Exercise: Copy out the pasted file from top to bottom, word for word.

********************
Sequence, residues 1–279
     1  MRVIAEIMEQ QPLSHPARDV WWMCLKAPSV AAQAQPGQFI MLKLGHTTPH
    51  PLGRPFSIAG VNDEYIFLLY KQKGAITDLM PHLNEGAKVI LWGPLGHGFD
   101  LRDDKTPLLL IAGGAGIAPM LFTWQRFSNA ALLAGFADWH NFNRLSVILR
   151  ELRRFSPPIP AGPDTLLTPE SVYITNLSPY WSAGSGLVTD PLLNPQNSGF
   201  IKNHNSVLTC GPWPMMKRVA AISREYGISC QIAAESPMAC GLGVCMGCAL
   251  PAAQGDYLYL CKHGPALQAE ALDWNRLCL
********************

Sequence, residues 1–279
     1  MRVIAEIMEQ QPLSHPARDV WWMCLKAPSV AAQAQPGQFI MLKLGHTTPH
    51  PLGRPFSIAG VNDEYIFLLY KQKGAITDLM PHLNEGAKVI LWGPLGHGFD
   101  LRDDKTPLLL IAGGAGIAPM LFTWQRFSNA ALLAGFADWH NFNRLSVILR
   151  ELRRFSPPIP AGPDTLLTPE SVYITNLSPY WSAGSGLVTD PLLNPQNSGF
   201  IKNHNSVLTC GPWPMMKRVA AISREYGISC QIAAESPMAC GLGVCMGCAL
   251  PAAQGDYLYL CKHGPALQAE ALDWNRLCL